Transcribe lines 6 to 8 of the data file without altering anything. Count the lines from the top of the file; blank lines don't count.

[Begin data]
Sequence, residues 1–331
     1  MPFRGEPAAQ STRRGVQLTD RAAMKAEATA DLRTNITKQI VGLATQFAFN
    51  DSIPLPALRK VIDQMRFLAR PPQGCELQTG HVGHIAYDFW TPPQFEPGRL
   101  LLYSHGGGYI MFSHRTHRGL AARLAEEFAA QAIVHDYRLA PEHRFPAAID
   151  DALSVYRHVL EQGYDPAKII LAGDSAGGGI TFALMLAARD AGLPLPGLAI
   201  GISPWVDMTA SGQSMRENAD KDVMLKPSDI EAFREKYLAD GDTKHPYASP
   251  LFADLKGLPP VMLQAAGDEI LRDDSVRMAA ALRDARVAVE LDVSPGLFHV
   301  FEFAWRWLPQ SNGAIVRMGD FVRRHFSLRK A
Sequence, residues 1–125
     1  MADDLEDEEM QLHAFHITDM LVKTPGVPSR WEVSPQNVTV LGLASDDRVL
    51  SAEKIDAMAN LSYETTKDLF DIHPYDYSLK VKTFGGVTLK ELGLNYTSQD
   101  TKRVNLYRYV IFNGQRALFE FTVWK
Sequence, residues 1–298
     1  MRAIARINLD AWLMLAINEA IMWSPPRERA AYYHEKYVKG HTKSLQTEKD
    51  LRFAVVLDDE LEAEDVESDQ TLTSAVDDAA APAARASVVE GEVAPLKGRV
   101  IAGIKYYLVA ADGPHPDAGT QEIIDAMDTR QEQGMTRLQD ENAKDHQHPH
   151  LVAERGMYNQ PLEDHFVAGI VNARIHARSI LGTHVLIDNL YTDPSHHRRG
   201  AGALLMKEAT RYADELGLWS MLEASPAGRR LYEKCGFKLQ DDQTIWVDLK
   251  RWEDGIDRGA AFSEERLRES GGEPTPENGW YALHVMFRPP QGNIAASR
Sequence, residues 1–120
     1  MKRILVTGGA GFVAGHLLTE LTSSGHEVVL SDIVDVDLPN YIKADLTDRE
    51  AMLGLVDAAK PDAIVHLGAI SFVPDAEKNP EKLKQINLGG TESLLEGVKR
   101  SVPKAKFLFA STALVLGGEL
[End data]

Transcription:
   201  GISPWVDMTA SGQSMRENAD KDVMLKPSDI EAFREKYLAD GDTKHPYASP
   251  LFADLKGLPP VMLQAAGDEI LRDDSVRMAA ALRDARVAVE LDVSPGLFHV
   301  FEFAWRWLPQ SNGAIVRMGD FVRRHFSLRK A